When the end finally came for Jilly White, she welcomed it.
She hungered for it. Ached for it.
She wanted it more than anything she had ever wanted before.
There was pain, then a darkness, deep and black.
And what was the end…
… was only the beginning.
Still nothing but static.
Jilly Whites’ fingers danced across the control panel of the old sedans’ car radio, tapping buttons and stroking the auto-tune. She had been out of range of clear reception since diverging from the M1 motorway just south of Landsbrough. There had been a few tantalizing hints at music here and there but once the skyline had become encased in the looming shadows of hills and the last grey bands of sunset had washed from the sky by a starless night, the cramped interior of the small car had been filled by an almost oppressive silence punctuated only by the low, incessant hum of wheels on bitumen beneath the sedans’ chassis.
Jilly sighed wearily, working the stiffness from her slight shoulders back against the small sedan’s high backed drivers’ seat and for a fleeting moment, she caught sight of her reflection in the cars’ rear vision mirror. Even beneath the dim, orange glow of the tiny, overhead light, she could see the dark rims of fatigue which had begun to develop beneath her normally bright, almond eyes. Jilly took a deep, bracing breath and tried to focus on the harsh glow of her sedan’s headlights as they swept the dark, winding corridor of single lane asphalt in front of her. Finally, with her head feeling just a little clearer, she let her gaze fell to the small, Polaroid photograph propped on the dashboard up against the sloping glass of the sedan’s windscreen. She had placed it there when she had left the coast, an image to drive her on. One for the road. Instead, all it seemed to do now was mock her.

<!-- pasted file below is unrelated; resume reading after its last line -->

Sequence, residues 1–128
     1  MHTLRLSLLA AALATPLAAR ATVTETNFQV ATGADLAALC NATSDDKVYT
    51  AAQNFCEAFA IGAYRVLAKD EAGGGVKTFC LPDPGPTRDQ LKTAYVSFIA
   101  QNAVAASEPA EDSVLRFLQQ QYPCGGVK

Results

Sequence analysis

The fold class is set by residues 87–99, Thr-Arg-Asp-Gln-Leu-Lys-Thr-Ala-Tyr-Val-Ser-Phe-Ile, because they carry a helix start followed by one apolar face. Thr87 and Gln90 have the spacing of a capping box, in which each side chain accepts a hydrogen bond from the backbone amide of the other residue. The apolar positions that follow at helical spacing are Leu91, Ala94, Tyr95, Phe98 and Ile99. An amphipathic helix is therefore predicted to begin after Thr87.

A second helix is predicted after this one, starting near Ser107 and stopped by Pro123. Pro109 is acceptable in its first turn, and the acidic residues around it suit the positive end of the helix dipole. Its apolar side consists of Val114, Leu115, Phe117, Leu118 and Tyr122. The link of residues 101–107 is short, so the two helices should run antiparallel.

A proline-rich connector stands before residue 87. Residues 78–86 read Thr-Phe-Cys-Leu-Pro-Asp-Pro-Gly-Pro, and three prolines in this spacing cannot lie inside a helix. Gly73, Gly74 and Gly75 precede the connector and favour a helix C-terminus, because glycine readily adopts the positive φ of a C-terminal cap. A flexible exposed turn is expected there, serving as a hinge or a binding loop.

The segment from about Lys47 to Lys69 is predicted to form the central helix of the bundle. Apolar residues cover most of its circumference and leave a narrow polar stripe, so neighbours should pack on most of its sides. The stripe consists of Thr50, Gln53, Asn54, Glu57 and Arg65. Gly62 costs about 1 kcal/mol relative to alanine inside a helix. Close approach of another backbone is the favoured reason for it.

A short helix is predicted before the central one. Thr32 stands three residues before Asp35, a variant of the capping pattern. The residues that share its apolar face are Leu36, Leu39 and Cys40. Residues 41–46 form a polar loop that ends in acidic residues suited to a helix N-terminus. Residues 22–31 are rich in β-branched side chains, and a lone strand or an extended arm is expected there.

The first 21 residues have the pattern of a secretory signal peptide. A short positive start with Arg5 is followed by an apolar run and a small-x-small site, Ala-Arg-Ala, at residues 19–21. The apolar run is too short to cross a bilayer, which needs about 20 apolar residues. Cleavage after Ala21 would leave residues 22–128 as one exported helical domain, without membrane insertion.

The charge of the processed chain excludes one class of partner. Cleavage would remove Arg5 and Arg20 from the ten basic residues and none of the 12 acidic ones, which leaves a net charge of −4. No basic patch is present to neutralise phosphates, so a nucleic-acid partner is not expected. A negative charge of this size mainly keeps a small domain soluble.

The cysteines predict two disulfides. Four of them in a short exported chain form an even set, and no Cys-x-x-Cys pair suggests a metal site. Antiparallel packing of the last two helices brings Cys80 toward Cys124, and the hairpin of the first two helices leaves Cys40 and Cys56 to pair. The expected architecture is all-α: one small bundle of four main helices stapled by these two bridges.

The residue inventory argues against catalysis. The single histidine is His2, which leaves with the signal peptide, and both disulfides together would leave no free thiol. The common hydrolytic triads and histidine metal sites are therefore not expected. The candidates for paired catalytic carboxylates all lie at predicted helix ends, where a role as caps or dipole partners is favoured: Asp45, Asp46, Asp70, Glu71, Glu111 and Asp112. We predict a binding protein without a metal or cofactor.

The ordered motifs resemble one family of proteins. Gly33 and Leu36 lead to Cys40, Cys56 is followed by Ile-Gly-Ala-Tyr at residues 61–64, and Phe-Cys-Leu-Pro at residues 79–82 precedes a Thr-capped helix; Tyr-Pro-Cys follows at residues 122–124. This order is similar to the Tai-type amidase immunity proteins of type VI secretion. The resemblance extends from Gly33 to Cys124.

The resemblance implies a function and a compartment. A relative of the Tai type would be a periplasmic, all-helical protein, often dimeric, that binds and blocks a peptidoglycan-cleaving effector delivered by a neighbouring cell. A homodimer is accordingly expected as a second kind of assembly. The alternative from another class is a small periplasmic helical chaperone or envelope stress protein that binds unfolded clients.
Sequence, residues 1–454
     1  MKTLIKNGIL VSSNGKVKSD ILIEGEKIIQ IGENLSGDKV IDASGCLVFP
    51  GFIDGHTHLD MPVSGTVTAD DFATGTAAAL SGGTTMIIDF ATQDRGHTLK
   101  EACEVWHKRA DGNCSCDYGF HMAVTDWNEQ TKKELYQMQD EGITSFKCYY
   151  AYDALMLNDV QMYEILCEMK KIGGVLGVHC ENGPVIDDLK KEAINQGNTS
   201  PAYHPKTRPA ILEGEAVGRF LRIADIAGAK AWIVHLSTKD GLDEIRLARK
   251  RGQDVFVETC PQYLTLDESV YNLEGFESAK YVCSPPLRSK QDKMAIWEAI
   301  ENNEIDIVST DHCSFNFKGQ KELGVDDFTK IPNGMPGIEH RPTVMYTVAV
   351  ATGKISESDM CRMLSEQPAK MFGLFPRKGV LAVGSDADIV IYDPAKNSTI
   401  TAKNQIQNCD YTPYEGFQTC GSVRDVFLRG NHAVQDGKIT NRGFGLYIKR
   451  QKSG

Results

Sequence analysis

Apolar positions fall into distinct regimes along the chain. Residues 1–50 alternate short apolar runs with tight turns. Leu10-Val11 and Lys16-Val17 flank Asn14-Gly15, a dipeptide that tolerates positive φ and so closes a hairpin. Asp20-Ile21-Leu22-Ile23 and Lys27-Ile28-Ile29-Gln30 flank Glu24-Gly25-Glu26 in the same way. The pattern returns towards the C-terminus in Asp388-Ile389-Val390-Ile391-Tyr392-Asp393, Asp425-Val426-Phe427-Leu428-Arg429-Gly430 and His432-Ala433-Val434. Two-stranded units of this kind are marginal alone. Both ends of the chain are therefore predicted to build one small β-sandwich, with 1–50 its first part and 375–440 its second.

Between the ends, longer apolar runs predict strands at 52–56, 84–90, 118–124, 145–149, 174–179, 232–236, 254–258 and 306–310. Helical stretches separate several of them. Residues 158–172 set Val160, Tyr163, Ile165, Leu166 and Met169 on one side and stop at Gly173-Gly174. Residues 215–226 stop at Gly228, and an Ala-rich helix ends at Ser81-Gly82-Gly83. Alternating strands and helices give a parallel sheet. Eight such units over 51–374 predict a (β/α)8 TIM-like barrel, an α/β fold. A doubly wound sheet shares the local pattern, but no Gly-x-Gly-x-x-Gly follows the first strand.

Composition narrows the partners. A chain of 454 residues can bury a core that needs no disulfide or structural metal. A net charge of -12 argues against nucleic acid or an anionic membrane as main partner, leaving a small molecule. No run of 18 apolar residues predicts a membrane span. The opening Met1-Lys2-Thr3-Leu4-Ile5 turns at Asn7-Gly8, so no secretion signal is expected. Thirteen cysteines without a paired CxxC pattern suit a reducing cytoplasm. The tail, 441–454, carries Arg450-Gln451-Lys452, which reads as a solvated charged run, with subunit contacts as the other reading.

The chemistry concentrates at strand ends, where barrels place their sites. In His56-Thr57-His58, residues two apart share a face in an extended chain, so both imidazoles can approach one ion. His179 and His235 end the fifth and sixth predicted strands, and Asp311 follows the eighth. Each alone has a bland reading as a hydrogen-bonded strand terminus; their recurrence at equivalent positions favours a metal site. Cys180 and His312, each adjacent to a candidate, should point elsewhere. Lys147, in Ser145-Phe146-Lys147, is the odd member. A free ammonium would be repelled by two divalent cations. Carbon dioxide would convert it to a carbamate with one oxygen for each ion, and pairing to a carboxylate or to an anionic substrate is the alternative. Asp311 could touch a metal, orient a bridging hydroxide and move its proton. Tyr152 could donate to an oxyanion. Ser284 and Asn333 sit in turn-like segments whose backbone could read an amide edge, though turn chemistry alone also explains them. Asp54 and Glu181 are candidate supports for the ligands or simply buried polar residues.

In the smooth, matt surface of the print, she sat with her arms around John’s neck, his head leaning towards her, hers on his broad shoulder, her long auburn hair falling like a waterfall down the front of his white shirt. They were both smiling and in love. At least, that had been what Jilly had thought. The emotion was there on their faces but the more she looked at the photograph as she drove, the less she saw of that smile in his eyes. He had just been playing the part. She knew that now and the thing that dug at her most, the thing that she hated more about herself than anything he had done, was that she simply hadn’t been able to see it then.
Jilly reached forward from her tight grasp on the old Cortina’s steering wheel and flipped the Polaroid down so that it fell face forward on the cracked vinyl of the dash. She told herself again that she didn’t need to see it anymore, that she was through with it, with him and the self doubt that looking at it bought, though she knew of course that was a lie, just another lie. She knew that no matter how hard you tried to bury the past, you could never dig quite deep enough to escape it forever.
Jilly gritted her teeth and rubbed at her tired eyes, trying to tell herself that the dry stinging she felt there was just weariness from the long drive. Deep down, she knew it was so much more.
It hadn’t taken her long to find a new place to live after she had moved out from John’s.
Her application for a transfer to the North Valestone State Primary School had been fast tracked by an old university friend in the Education Department once she had found out about Jilly’s circumstances and by the time she had finally received official confirmation that the position of Assistant Librarian was to be hers as of the twenty-third, she had known she would have to act fast.